Model predictive control (MPC) is arguably the advanced control algorithm of choice in the chemical process industry, and has made inroads into other industrial sectors as well  and . A dynamic model is utilized within the control algorithm to predict the effect of future plant inputs on the controlled outputs. Future inputs are computed in accordance with a performance objective, typically as the solution of an optimization problem. The inputs corresponding to the first control interval are implemented, and the calculation process repeated at the end of the sampling period, with the model predictions adjusted using the difference between the measured and predicted outputs. Details of the algorithm may be found, inter alia, in ,  and . Industrial MPC systems are generally implemented in conjunction with a linear programming (LP) or quadratic programming (QP) steady-state optimizer , , ,  and . The LP (or QP) typically uses a static model consistent with the dynamic MPC model, and is executed at the same frequency as the model predictive controller. The plant economic optimum may shift due to disturbances; thus the steady-state LP (QP) provides a bridge between a higher-level and less frequently executed real-time optimization (RTO) layer and the model predictive controller by making set-point adjustments in response to changing conditions between RTO executions. The LP formulation may involve minimization of the deviation between the set-points and target values determined by the real-time optimizer, or optimization of an economic criterion directly. Fig. 1 illustrates the location of the steady-state LP (QP) within a plant automation hierarchy, as given in . We note that the process would typically include local PID-type controllers and that several variants are possible, such as the presence of a plant unit optimization layer between the LP and plant-wide RTO layers  and . Full-size image (10 K) Fig. 1. LP (QP) within process automation hierarchy . Figure options Despite the apparent success of two-level LP-MPC systems, instances of poor performance have been reported  and . Shah et al., in the context of control performance monitoring, describe an industrial application in which the variation in the set-points exceeds that of the corresponding controlled variables. Kozub also reports set-points being noisy relative to their controlled variables, and excessive variation in the set of inputs which are at their constraints. This motivates an investigation into the potential causes of such behavior. Ying and Joseph  provide stability theorems for LP-MPC and QP-MPC cascade control systems with no plant/model mismatch. Consideration of model uncertainty is included in a case study based on the Shell Standard Control Problem . Kassmann et al. present a formulation for robust steady-state target calculation. For elliptic uncertainty on the model parameters, the target calculation problem takes the form of a second order cone program (SOCP) which the authors solve using software based on a primal-dual interior point algorithm. Steady-state targets are also computed in  and . However, this is driven primarily not by economics, but rather to provide steady-state values for the plant inputs and states for inclusion in an MPC formulation in which deviations of the states and inputs from corresponding steady-states are weighted by positive definite matrices. Feedback in the two-level LP-MPC configuration occurs through a bias term in the steady-state LP model. In this paper, we analyze the sensitivity of the LP solution to variations in the LP model bias. We consider first the LP level separately for multi-input, single-output (MISO) and multi-input, multi-output (MIMO) systems. This analysis is coupled with graphical representations to provide insights into the sensitivity effects. Thereafter, the performance of a two-level LP-MPC cascade system is evaluated, with observed performance related to earlier sensitivity results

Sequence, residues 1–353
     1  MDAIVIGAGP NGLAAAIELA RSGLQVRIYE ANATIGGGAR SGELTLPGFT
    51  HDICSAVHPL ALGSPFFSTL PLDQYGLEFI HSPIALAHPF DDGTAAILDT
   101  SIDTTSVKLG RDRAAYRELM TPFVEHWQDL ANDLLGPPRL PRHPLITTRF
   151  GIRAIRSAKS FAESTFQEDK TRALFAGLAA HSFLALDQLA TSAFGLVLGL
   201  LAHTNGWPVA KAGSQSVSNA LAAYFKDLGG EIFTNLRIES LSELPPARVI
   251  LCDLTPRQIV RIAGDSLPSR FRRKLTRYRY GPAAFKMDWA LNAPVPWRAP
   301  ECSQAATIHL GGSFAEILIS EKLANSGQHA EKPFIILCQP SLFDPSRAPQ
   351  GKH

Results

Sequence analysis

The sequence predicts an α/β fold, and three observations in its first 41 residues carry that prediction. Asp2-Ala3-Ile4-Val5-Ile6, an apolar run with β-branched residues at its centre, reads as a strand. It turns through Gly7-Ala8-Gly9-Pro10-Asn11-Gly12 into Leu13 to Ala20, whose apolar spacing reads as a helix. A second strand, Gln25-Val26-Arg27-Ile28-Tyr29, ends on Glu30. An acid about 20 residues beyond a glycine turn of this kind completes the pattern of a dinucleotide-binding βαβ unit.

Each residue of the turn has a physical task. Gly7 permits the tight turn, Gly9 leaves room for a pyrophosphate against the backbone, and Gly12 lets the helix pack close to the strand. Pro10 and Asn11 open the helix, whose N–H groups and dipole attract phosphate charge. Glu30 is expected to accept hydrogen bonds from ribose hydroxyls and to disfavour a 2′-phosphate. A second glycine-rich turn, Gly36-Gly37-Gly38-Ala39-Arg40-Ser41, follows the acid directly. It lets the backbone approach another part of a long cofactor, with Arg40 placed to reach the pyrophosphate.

نتیجه گیری انگلیسی
Industrial implementations of MPC typically include a steady-state optimization layer to track the economic optimum and to provide feasible set-points to the model predictive controller. While two-level LP-MPC systems are relatively widely applied, reports of excessive set-point variation motivate the investigation of potential causes of such behavior. The present study focused on the sensitivity of the LP solution to variations in the LP model bias term, since the bias is updated prior to each LP execution based on the difference between measured and predicted plant outputs. A sensitivity analysis was conducted first for multi-input, single output systems. The steady-state LP model has only one bias term in this case, and its effect on the LP solution is conveniently summarized graphically. A key observation is that if the output is not at one of its limits, it varies linearly with the bias term with gain of unity, provided that the LP solution is unique. However, changes in the inputs may exceed those of the bias term if the gain relating the output to the corresponding input is less than unity. MIMO systems were explored through a detailed analysis of a two-input, two-output system. A graphical analysis was developed by expressing the problem in terms of the inputs only. Scenarios in which the solution is defined by two output constraints, and an output and an input constraint, were considered. In the former case, the set-points remain constant for small perturbations in the bias term. However, in the latter case, variations in the bias may result in amplified variations in the output that is not at its bound, depending on the magnitudes of the process gains. Simulation of the two-level LP-MPC system was conducted to evaluate the response of the two-level closed-loop system to a step disturbance combined with measurement noise. The results of the sensitivity analysis were used to explain the observed performance of the two-level system. The focus of this paper has been on analysis of the sensitivity of LP-generated set-points to variations in the bias term induced, for example, by measurement and/or process noise. A question that naturally arises is how adverse amplification effects can be avoided or mitigated. One possibility would be the use of an alternative control structure. Another option might be to filter the bias update; however, the impact on the overall performance of the two-level LP-MPC system would need to be evaluated. A systematic investigation of these and other factors within a design framework would be a potentially useful avenue for future research.